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the running process of the following code

 
stan freman
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And


The output is : 1,4,2,3
I am not sure why. My understanding is the program starts from the main method, so only 3 should be printed. Apparently I am wrong, can anyone explain the correct order of running this code?

Thanks
 
Roel De Nijs
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Hi Stan,

First of all, a warm welcome to CodeRanch!

stan freman wrote:I am not sure why. My understanding is the program starts from the main method, so only 3 should be printed. Apparently I am wrong, can anyone explain the correct order of running this code?

You are correct if you state the program starts from the main method.

But before the main method can be executed, the class (and its superclasses) containing this method must be loaded first. When a class is loaded, all static initializer blocks (none in your example) and static (class) variables are initialized in the order they occur in the class file. And another thing to note: class B has an instance variable a of type A. So with every creation of a new B instance, an A instance will be created as well (and 2 will be printed).

So step by step it looks like this:
1/ load class B --> static (class) variables are initialized
1a/ class variable s1 is initialized, refers to an A instance --> 1 is printed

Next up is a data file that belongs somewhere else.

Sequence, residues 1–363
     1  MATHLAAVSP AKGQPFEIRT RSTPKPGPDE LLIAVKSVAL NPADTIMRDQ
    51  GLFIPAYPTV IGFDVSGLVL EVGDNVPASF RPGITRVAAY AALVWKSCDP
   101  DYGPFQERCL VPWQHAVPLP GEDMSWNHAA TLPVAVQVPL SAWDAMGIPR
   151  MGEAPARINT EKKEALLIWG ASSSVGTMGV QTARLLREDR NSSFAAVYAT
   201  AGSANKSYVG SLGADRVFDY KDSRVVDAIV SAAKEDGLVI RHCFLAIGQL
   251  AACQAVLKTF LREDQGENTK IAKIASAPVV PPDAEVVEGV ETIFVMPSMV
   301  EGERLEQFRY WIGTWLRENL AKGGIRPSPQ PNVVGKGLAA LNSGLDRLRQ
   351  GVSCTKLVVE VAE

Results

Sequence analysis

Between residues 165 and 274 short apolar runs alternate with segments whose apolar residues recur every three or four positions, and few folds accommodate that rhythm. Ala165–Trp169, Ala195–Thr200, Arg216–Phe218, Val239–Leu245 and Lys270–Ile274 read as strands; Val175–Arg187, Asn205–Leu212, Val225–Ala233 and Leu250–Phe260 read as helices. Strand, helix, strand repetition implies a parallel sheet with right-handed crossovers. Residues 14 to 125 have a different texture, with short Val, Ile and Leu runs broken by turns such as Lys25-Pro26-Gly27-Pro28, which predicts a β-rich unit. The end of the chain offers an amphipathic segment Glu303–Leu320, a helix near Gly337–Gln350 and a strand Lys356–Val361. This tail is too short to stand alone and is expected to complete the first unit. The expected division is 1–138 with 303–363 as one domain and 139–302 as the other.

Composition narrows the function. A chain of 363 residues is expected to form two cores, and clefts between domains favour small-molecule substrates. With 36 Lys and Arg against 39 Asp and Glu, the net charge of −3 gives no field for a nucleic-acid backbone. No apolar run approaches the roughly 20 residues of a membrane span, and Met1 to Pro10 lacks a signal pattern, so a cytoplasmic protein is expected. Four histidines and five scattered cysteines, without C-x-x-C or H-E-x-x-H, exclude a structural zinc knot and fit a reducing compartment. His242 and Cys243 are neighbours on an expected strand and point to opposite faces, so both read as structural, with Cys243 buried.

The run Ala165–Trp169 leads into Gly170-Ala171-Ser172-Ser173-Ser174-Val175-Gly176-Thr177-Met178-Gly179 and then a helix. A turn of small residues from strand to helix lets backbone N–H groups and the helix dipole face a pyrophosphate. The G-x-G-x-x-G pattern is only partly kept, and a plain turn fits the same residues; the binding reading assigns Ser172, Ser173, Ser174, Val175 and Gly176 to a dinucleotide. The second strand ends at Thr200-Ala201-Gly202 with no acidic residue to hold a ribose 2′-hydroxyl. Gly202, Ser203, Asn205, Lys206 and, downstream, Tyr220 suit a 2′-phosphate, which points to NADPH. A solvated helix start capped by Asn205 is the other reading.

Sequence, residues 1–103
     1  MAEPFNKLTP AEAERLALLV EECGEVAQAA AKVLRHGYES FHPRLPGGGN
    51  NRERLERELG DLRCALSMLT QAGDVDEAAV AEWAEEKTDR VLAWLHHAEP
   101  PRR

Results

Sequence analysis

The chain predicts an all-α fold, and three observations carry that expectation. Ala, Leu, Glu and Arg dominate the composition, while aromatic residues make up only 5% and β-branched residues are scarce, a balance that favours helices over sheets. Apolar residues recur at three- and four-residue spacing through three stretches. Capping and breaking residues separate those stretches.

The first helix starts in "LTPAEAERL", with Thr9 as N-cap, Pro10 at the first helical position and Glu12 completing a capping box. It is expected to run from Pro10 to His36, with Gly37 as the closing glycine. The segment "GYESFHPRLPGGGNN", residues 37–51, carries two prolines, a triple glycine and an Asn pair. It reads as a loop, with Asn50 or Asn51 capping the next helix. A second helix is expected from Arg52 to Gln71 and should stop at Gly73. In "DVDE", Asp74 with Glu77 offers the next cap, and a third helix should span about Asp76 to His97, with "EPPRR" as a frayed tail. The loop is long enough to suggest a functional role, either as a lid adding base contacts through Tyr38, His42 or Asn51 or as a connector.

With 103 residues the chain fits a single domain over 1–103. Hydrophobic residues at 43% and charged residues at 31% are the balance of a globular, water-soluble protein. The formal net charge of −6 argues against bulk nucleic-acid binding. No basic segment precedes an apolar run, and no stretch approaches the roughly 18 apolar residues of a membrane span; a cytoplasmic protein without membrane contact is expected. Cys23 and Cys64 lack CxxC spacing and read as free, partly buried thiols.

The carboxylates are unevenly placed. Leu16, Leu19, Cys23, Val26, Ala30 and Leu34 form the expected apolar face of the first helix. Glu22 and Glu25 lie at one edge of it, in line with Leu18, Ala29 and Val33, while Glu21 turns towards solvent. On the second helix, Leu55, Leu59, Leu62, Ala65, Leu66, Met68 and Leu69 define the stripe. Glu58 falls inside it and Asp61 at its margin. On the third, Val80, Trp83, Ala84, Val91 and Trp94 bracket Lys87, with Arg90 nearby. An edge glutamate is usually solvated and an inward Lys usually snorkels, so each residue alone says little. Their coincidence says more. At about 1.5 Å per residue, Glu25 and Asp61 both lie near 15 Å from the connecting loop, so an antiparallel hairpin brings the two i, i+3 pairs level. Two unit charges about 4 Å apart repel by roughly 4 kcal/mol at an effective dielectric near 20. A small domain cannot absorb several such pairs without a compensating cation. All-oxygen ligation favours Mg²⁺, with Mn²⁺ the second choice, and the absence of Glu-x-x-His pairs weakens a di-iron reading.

1b/ s2 is initialized, refers to an A instance --> 4 is printed

2/ main is executed
2a/ local variable b is initialized, refers to a B instance
2a1/ when the new B instance is created, the instance member a (defined in class B) is initialized as well, refers to an A instance --> 2 is printed
2b/ local variable a is initialized, refers to an A instance --> 3 is printed

If you add a few more println-statements and some static initializer blocks, you (probably) get a better understanding of what's going on. Have a look at this code snippet and try (with the explanation I provided) to understand the output:Output:
init1
1
init2
4
init3
begin main
2
3
end main


If you still have doubts/questions, don't hesitate to post them in another reply.

Hope it helps!
Kind regards,
Roel
 
stan freman
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Very very nice explanation. Thank you so much sir. Completely answered my question
 
Prathima gaitonde
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Hi stan freman,

Thanks for your this post, I always had a doubt in my mind whether a instance variable initialization is done first or the constructor finishes first, I modified your this code a little and got my answer, here is the code if any one wants to know.





Thanks,
Prathima
 
Roel De Nijs